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Recommendation: Milk, Slumdog Millionaire

January 15, 2009

As a self-proclaimed cinemaphile, I love previews. My fiance and I make a point to get to the theater early enough to catch the previews.      

Over the last year, we saw that there were many movies coming out over the Christmas break that we were greatly anticipating. Unfortunately, when it got to be Christmas 2008, we looked on in dismay as the long-awaited film titles never graced our local theater’s marque.

Among those that never came to this corner of the world were Rachel Getting Married [watch the preview] Happy-Go-Lucky [watch the preview], Milk [watch the preview], and Slumdog Millionaire [watch the preview].  We were sorely disappointed.

Fortunately, despite not quite making it to us, the shows did come to the larger city an hour north of us. It was there that we managed to see Hot Fuzz in 2007, which also never made it here. So, since we still had a little Christmas money burning a hole in our pockets, we decided that we’d take half a day, drive that hour up to the larger city, and catch Milk and Slumdog Millionaire, both of which have been highly critically acclaimed.

Both movies were brilliant. It was worth every minute of the two hours it took to get there and back. I highly recommend both of them, if you can get to a theatre that’s playing them. Even if you have to drive a couple of hours to do it. ^_^

Summary: The story of California’s first openly gay elected official, Harvey Milk, a San Francisco supervisor who was assassinated along with Mayor George Moscone by San Francisco Supervisor Dan White.[]

Genre:biography, drama, political

Audience:Everyone.  Really.  See “Why I liked it” for more. 

Occasion:This movie packs an emotional punch, so be ready for that.  (It will probably also spark discussions about homosexuality and acceptance, which, to my mind, is never a bad thing.)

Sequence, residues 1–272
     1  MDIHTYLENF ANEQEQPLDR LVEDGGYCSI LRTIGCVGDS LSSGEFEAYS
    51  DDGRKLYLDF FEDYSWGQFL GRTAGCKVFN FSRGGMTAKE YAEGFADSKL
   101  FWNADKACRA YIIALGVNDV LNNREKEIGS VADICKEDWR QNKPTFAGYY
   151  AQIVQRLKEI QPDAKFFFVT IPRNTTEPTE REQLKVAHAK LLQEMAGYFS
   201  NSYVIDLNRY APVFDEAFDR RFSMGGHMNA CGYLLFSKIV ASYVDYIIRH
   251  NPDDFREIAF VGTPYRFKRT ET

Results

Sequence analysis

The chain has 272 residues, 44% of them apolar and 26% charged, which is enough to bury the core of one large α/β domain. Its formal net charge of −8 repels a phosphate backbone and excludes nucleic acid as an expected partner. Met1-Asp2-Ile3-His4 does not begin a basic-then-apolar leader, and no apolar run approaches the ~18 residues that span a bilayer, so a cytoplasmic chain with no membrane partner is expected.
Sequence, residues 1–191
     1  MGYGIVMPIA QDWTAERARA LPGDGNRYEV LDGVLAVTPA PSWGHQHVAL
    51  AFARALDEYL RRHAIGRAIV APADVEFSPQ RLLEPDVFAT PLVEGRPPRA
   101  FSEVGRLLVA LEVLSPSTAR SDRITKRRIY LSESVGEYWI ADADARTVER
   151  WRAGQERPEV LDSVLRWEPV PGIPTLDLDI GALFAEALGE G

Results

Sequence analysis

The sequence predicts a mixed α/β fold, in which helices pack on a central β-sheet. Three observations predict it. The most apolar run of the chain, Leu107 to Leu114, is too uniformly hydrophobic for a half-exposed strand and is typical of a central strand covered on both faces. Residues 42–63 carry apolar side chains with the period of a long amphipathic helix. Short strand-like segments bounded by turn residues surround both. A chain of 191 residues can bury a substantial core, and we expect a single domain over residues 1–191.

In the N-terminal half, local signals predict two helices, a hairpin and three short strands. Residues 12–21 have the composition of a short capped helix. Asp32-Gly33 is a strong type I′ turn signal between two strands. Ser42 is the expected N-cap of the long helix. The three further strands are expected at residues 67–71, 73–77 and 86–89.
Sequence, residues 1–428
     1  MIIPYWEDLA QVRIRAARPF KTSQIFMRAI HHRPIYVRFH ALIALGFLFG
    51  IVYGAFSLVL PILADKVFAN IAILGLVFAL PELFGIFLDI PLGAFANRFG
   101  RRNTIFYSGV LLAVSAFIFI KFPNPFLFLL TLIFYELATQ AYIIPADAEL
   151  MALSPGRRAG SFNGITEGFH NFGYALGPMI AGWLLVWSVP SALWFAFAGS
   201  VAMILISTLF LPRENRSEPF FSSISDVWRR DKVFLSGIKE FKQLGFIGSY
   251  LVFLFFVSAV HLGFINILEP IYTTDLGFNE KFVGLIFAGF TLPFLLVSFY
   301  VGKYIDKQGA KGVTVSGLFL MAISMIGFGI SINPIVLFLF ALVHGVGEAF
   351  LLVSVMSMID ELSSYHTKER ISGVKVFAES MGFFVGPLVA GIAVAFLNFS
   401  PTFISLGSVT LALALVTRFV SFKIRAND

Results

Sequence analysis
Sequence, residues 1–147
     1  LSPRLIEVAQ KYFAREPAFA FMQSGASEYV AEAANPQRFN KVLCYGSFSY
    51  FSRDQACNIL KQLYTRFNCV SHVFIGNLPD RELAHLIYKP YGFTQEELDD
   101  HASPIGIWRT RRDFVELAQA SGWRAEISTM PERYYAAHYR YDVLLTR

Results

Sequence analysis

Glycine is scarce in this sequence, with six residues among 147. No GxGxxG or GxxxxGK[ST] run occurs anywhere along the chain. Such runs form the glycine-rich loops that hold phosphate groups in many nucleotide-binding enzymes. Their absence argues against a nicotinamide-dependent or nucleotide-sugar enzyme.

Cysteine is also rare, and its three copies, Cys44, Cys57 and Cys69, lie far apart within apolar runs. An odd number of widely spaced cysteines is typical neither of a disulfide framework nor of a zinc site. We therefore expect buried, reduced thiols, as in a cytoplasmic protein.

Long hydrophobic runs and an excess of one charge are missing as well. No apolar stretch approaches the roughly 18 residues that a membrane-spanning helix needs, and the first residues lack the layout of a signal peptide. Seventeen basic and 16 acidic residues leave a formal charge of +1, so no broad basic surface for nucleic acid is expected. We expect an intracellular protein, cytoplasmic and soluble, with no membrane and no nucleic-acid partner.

Watch every minute?Yes.  If only because, as my fiance said, “It’s really f*cking amazing.”

Big Screen vs. Small Screen:Either, really.  Apparently “Open Everywhere” doesn’t really mean everywhere, so some people won’t get to see it on the big screen (my preference, as you know).  It’s definitely worth seeing on the big screen, even if you have to travel to do it.

Why I liked it: Milk is a brilliant movie for a variety of reasons, not least because it tells an emotionally, important story. Where Brokeback Mountain pried opened the (closet) door for movies about gay men, Milk marched proudly through that now-open door , rainbow flag waving.   Unlike Brokeback Mountain, however, none of the characters in Milk were ashamed of their homosexuality, at least not once they’d arrived in San Francisco, to an open, accepting community.  

So why should everyone should see this movie?  Becuase it portrays gay people in a positive light, and because it opens people’s eyes to the struggle of homosexual men and women that is continuing even now.  As Harvey Milk said of their struggle to vote down the proposal to get homosexual men and women fired, “If everyone knew that they knew one of us, we’d beat this thing two-to-one.”  At a time when California just voted for a proposal that banned gay marriage (again), this movie, and the struggle it portrays, is just as relevant now as it was in the 70s. 

Watching this movie made me realize exactly what it took for the words “sexual orienation” to be added to the list of things against which employers would not discriminate.  It just seems so common place now.  Hopefully, in twenty or thirty years we’ll be looking back on the first decade of the twenty-first century and saying, “Wow, did we really ever believe that marriage should only be between a man and a woman?”